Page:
Opinion

Opinion: Gas prices and young workers

While there may be a stigma with public transit, it has never been able to save as much as it does now.  
<a href="https://highschool.latimes.com/author/keyonnamdar/" target="_self">Keyon Namdar</a>

Keyon Namdar

July 30, 2022
At the beginning of July, the California state minimum wage officially increased to $15 per hour. It couldn’t have come at a better time for young workers. Considering that, also in California, the price of gasoline is currently sitting at an average of $5.66 per gallon, as of July 28.

However, the question remains if it is enough to cover the inflated gas costs and, if not, how can young people minimize the impact?

Estimates have placed California’s average cumulative driving distance at just over 45 miles per day, according to Research Gate. Doing some quick calculations, assuming an average mpg of 24, the amount spent on gasoline per week would be approximately $77. For young people just entering the workforce, this represents 13% of weekly gross pay at the new minimum wage working a 40-hour week.

The impact would be worse for those working part-time, especially students. It seems as if the minimum wage gains have effectively been wiped out by inflation. 

Younger workers, namely student workers, must find a way to offset these cost increases until the price of gasoline finds its way back into the normal range.

Someone working a full-time schedule should reach out to co-workers and find those with the same schedule to begin a carpool. The more people involved, the better. Individuals may be quick to dismiss the idea of carpooling, but a four-person carpool could save up to $200 per month depending on driving distance.

Once someone presents these types of savings to co-workers, they may be able to entice more to join them in savings. Not to mention the impact of reduced carbon emissions. Job selection may be an even more critical decision for young workers.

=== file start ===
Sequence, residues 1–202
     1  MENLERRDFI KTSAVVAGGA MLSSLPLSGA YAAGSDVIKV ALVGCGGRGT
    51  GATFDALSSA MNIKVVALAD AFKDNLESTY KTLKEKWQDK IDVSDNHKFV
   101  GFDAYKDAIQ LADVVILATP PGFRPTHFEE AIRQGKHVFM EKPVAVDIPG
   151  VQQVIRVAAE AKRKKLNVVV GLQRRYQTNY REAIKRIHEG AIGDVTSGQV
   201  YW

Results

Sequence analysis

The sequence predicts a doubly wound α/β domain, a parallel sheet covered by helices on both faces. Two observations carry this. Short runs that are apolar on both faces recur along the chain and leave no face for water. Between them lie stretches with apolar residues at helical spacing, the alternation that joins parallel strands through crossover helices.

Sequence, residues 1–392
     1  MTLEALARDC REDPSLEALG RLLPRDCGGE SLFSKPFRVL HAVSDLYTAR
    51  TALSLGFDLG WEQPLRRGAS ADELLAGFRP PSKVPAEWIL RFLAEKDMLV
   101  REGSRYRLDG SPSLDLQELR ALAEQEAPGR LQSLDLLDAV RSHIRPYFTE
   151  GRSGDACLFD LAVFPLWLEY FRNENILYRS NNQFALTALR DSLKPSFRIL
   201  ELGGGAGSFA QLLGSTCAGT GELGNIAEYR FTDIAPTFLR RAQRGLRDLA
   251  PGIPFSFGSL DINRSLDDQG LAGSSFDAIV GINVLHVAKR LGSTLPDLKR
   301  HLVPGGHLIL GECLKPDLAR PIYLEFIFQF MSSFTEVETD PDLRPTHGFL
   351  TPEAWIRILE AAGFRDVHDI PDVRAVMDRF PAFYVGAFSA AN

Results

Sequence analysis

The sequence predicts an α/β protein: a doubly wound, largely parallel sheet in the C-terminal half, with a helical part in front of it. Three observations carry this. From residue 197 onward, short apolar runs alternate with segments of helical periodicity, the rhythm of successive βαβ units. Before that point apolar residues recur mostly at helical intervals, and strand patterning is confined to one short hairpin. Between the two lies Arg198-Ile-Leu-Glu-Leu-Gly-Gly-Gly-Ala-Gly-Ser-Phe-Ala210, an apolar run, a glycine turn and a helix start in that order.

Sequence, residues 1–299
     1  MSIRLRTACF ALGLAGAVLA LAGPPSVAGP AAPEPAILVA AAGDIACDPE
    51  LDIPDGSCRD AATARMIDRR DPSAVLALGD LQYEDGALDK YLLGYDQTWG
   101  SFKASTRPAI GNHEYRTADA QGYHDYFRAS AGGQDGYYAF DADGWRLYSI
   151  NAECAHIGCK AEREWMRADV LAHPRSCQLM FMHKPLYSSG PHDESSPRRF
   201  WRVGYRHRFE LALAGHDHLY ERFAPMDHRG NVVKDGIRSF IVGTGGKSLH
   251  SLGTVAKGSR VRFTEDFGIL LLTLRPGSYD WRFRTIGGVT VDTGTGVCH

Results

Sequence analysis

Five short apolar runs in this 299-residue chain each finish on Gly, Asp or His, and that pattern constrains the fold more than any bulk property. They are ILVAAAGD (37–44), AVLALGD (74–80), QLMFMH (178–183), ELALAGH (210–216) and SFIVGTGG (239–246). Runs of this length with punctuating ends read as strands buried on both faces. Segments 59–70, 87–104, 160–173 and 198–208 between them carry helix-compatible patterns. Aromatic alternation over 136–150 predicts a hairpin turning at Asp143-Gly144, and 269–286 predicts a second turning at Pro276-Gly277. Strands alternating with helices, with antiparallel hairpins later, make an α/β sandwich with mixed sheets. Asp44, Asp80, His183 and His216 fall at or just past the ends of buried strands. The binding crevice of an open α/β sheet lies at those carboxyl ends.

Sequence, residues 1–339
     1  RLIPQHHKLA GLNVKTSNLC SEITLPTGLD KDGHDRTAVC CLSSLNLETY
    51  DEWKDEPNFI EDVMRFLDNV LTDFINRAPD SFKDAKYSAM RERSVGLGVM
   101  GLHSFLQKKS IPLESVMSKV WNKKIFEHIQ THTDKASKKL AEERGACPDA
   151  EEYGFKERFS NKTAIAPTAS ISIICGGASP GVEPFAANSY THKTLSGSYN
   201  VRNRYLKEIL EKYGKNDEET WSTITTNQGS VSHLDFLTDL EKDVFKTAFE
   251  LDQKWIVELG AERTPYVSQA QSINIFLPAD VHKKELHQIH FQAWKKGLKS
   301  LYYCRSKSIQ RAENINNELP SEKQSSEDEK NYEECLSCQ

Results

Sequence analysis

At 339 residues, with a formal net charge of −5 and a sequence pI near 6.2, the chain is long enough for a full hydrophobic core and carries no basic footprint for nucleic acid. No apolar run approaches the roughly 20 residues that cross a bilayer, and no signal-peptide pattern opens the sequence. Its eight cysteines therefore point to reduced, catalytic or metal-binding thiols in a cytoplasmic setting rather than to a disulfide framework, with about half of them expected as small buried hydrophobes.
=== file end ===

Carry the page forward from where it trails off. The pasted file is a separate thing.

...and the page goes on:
Remote job offerings are up over 12%, according to CNBC, with many that do not require a college degree. In these times of rampant price increases, it would be beneficial to pursue remote positions to save money on a monthly budget. Even though it doesn’t allow for interaction with co-workers at an interpersonal level, if it is looked at as a temporary position while fuel prices are high, it can be easier to accept. 

The part-time student worker faces unique challenges since they are less likely to find a remote schedule for part-time work and will not work a consistent schedule that is conducive to carpooling with co-workers. Job selection is the best way to minimize the cost of fuel while prices are so high.

Students should look for part-time work within either walking distance or, more likely, within biking distance. The health benefits of switching to walking or biking to work should add extra incentive to young people. For those that do not want to take the more active trip to work, the best option would be to utilize public transit.

California is a national leader in public transportation, according to CalSTA, so there should be ample opportunities to use the bus or light rail to reach a destination within walking distance. Park and ride are other promising opportunities for a hybrid solution to save money.

While there may be a stigma with public transit, it has never been able to save as much as it does now.  

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